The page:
14. I know this is an old topic, but this is my first attempt to convert a pen to an eyedropper, and I just wanted to share. I'm new to fountain pens, and I'm excited with the results of my conversion. This is a fun, new interest and thank you to all who share their knowledge. http://youtu.be/PZUf8OxHdjE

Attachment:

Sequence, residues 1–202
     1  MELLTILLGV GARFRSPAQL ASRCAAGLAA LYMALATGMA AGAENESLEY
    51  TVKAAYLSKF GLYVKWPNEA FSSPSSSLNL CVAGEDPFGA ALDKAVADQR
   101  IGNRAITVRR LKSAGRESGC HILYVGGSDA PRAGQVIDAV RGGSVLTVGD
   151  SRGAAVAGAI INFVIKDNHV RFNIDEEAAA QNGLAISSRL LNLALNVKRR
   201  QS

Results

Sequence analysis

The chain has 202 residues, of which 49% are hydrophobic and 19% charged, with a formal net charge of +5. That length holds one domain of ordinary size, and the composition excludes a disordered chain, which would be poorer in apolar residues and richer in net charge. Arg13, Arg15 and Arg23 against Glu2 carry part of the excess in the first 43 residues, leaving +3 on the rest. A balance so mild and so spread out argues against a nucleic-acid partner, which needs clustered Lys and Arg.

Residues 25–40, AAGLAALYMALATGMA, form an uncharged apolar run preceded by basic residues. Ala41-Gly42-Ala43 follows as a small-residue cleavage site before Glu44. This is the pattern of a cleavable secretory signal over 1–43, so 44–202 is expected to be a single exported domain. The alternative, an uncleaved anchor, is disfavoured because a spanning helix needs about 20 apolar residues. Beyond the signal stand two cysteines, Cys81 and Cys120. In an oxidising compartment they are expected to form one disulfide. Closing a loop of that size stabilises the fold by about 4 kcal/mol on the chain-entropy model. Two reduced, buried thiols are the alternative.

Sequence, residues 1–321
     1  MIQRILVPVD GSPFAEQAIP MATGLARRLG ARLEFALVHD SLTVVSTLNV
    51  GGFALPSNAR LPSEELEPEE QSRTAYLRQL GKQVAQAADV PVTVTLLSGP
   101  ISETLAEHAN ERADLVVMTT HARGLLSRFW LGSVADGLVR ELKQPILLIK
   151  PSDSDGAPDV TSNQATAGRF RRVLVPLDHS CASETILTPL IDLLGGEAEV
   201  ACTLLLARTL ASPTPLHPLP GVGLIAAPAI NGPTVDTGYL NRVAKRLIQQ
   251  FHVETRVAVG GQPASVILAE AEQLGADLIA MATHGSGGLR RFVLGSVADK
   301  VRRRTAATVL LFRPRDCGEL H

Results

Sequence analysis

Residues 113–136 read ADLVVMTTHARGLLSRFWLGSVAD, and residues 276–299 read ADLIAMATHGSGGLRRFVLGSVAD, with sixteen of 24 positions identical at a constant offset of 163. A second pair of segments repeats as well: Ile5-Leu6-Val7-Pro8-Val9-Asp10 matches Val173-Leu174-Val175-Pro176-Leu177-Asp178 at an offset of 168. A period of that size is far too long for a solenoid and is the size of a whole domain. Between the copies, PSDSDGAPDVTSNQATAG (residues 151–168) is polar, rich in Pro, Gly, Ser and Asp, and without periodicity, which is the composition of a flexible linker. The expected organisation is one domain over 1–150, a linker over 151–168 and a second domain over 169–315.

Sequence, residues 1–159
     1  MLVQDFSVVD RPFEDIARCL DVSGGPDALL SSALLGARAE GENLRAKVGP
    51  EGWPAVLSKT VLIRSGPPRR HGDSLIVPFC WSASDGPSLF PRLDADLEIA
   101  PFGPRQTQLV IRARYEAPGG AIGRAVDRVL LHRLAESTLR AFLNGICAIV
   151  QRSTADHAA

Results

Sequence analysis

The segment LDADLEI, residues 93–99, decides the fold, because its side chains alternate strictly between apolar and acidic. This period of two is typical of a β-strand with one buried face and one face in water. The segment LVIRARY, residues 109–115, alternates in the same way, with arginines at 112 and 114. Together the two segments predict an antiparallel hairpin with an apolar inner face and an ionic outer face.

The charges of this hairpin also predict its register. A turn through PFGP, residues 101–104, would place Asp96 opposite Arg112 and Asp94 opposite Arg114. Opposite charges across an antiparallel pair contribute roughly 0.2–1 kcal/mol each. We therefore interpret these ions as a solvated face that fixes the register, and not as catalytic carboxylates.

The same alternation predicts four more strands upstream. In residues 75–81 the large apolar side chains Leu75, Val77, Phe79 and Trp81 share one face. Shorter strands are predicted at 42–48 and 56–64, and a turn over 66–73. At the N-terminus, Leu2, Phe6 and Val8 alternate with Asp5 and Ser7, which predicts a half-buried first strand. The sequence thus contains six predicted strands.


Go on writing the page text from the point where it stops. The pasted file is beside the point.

15. I've just bought an Onoto piston filler at an antique shop. It's a BHR pen much like the top illustration in Marshall and Oldfield, 2nd ed., p.166, except that there is only an underfeed. The plug can be unscrewed and the rod pulled out although I've not tried to see how far it can be extracted with force. The section unscrews nicely from the barrel assembly, revealing the pointed end of the piston. I suspect that the pen has not been serviced in a long time. Having read M+O’s description a full overhaul is well beyond my current and likely future capabilities, In any case, the mechanism will always be fragile, which does not mix well with my innate clumsiness. As the section does unscrew so easily, I can envisage removing the section and using the pen as an eyedropper by dropping ink into the barrel with the section out, then refitting the section with silicone grease. This would, of course, depend on the rod/barrel seal being sound, but I’d expect to test that out after greasing the rod and working it back and forth a few times. I’d also expect to have to release the ink flow by opening the knob a touch (if I understand the mechanism correctly). So, what do Onoto experts see as the likelihood of being able to use the pen in this way, and are there any disadvantages, for example the possibility of damage or difficulty for future repairers due to ink getting into the wrong places?